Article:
South Lake Union
South Lake Union, photo by Rik_C. Vulcan wants to build tall buildings on the parking lots across from this park.

The Seattle Times has reported that the City Council has declined Vulcan’s offer of $10 million or so worth of free real-estate in South Lake Union in exchange for allowing Vulcan to build three taller towers in that neighbourhood:

Vulcan would transfer to the city 37,600 square feet of land on a block bounded by Broad and Republican streets and Dexter and Aurora avenues. The city could add that chunk to a smaller piece it owns to create almost a full block available for an array of social services and housing.

The Vulcan land, with an estimated value of $10 million to $12 million, would count as a credit toward fees Vulcan would pay to erect condo or apartment towers up to 240 feet on three lakefront blocks it owns and elsewhere in the neighborhood.

Zoning now allows 65-foot buildings on the three so-called Mercer blocks. Vulcan would pay bonus fees to go from current zoning to 160-feet, or 16 stories. Then it would need to provide extraordinary additional public benefits to reach 24 stories.

Often, we make the abstract argument that requiring shorter or smaller buildings reduces affordability, but rarely do we get something so concrete. It costs the city (and thus the tax payers) nothing to allow Vulcan to build taller buildings. In exchange for that, the city would have received something valuable, free land near Downtown Seattle for use in low-income housing. The literal choice was between 1) taller buildings and free land for low-income housing (along with higher property tax income) and 2) shorter buildings and no land for low-income housing, though possibly some cash down the line.

If as a city, we think we can get a better deal, fine, say that. But please no one say this:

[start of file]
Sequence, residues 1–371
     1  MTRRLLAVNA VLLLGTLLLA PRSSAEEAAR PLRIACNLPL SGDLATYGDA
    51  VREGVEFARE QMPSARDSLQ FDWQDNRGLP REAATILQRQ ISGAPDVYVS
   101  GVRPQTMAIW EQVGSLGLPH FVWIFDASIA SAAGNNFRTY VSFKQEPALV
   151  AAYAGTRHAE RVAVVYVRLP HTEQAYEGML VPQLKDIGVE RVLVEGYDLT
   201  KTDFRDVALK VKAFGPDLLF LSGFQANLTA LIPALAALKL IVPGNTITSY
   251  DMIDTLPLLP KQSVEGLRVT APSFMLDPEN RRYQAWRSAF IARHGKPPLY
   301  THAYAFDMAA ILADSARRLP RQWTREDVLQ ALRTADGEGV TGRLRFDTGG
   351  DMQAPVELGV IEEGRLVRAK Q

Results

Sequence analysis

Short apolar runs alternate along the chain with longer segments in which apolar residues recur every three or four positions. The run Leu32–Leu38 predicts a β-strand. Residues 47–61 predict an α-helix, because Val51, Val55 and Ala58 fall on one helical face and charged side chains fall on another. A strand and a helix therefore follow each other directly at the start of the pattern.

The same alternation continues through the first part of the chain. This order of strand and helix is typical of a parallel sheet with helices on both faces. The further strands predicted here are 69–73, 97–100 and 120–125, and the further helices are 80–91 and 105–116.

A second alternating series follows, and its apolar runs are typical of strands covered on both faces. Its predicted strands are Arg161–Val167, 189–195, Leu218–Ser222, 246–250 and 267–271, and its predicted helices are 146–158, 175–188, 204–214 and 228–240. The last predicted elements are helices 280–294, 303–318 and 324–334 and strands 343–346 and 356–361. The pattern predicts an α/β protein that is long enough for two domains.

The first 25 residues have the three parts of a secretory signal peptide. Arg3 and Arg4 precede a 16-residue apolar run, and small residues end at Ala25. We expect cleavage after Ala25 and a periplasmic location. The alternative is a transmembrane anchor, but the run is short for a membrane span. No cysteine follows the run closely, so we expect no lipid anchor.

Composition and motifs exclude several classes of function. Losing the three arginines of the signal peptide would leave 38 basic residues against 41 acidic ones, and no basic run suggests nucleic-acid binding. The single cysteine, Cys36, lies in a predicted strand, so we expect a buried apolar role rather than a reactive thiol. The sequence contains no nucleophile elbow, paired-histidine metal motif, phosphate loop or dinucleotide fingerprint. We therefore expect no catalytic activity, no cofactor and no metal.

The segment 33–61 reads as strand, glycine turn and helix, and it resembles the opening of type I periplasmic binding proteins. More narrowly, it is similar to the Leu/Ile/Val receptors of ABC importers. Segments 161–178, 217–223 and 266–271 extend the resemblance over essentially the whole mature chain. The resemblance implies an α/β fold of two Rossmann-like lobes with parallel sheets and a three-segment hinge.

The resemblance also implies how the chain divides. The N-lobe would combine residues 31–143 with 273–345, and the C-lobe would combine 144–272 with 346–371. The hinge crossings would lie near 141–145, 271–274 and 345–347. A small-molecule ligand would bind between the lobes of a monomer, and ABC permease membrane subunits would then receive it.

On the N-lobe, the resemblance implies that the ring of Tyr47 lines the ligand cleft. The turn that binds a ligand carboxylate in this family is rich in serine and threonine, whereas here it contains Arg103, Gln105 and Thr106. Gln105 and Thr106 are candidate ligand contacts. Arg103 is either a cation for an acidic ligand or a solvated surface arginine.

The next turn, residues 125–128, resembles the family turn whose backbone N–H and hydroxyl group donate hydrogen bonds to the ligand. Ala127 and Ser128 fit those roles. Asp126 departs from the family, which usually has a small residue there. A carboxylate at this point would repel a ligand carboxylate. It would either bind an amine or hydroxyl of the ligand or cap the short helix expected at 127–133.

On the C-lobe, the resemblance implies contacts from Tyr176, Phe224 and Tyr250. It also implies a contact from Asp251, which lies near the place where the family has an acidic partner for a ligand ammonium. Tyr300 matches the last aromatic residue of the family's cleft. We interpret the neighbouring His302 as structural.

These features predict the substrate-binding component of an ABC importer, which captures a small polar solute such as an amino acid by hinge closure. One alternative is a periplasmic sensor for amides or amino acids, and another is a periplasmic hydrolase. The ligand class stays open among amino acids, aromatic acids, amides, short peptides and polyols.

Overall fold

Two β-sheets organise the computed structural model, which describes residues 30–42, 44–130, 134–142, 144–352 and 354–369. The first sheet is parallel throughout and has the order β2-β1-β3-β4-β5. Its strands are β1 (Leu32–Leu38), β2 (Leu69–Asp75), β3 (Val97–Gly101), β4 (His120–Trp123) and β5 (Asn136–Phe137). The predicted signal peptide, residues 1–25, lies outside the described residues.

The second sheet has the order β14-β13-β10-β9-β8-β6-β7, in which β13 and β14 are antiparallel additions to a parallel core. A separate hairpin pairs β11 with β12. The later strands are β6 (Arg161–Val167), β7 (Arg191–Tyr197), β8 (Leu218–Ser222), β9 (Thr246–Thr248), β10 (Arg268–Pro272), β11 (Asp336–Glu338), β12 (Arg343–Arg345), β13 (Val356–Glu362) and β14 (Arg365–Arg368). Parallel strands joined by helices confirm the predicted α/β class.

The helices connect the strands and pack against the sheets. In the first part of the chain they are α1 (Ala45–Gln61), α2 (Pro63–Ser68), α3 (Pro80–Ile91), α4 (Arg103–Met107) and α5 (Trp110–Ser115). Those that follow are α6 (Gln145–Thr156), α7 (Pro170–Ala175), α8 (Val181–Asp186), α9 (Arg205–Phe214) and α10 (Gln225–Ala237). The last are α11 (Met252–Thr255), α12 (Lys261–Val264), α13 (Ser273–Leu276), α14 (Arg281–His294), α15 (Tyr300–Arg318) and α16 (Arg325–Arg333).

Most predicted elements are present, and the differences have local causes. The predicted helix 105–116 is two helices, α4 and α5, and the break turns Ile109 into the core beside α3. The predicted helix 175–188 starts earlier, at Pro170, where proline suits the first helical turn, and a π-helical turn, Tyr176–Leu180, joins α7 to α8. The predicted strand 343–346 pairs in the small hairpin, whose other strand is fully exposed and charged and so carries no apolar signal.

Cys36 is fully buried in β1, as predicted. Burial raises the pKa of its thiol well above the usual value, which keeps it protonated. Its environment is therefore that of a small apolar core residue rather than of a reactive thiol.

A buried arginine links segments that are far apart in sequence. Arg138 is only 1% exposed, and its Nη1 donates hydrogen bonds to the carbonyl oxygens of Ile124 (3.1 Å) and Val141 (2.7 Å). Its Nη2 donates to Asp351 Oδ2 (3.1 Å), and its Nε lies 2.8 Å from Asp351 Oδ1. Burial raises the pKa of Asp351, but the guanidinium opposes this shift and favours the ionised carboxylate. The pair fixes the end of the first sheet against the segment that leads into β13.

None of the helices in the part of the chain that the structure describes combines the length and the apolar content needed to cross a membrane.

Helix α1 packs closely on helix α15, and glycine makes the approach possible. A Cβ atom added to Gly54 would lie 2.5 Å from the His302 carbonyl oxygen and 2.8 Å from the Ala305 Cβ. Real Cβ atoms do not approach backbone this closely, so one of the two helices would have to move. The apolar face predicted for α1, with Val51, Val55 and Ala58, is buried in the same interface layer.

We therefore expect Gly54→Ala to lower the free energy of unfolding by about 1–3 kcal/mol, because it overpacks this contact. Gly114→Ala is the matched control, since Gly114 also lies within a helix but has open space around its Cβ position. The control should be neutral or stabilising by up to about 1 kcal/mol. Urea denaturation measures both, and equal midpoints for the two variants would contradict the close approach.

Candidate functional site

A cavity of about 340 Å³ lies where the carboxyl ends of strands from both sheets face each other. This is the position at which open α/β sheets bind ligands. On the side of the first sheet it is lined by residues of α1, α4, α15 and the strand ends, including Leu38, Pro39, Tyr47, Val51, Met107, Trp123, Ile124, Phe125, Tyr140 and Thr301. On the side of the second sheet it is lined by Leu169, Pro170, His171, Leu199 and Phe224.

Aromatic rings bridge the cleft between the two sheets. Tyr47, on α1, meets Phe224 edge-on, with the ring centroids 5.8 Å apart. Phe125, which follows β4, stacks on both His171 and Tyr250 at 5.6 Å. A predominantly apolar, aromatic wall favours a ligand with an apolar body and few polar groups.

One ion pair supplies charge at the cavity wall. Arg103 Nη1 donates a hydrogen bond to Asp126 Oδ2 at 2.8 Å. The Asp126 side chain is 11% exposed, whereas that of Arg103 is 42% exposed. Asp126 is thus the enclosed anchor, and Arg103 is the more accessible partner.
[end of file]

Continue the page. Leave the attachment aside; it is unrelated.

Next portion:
Mayoral candidate Peter Steinbrueck had blasted the Block 59 proposal for “privatizing the city’s land-use code.”

Yes, we certainly wouldn’t want to set the dangerous precedent of the tax payers getting millions of dollars of land in exchange for something that costs them nothing. The article said the deal may be revived at some later date. I hope so. As a taxpayer, if the city can get materiel for important social functions for free, I think that’s a deal the city should take. And I’m going to make sure the city council knows that when I vote.

50 Replies to “Free Stuff is Good Public Policy”

  1. From the article: “none of them wanted to advance the specific proposal made by Mayor Mike McGinn late last year.”

    And here we go again. The council would let half of Seattle fall in the sea in order to keep McGinn from looking good. He was right on the tunnel, and he’s right on this.

    “‘I personally don’t believe it’s appropriate,’ said Councilmember Tim Burgess, a mayoral candidate” Uh huh. Politics as usual.

    1. Exactly. Politics trumping good policy is a disaster for everyone but the people on the council.

      1. I was waiting until the field flushes out, but if he’s still the best candidate I totally will.

  2. If as a city, we think we can get a better deal, fine, say that.

    You mean like this:

    But council members had several concerns with Block 59, from the cost of developing and operating it, to whether it would preclude future councils from increasing bonus fees for Vulcan as land values in the area escalate.

    Maybe there’s more to it than political posturing. Frankly, I’m not sure what large voting block the Council would even be pandering to, Lesser Seattle? Does anyone really think Vulcan is making this proposal even though it will cost them more money just because the company has a deep seated desire to promote social services and affordable housing?

    Sharon Lee, executive director of the Low-Income Housing Institute, has said she’d much rather get land upfront than so-called bonus fees that Vulcan might pay, building by building, over years.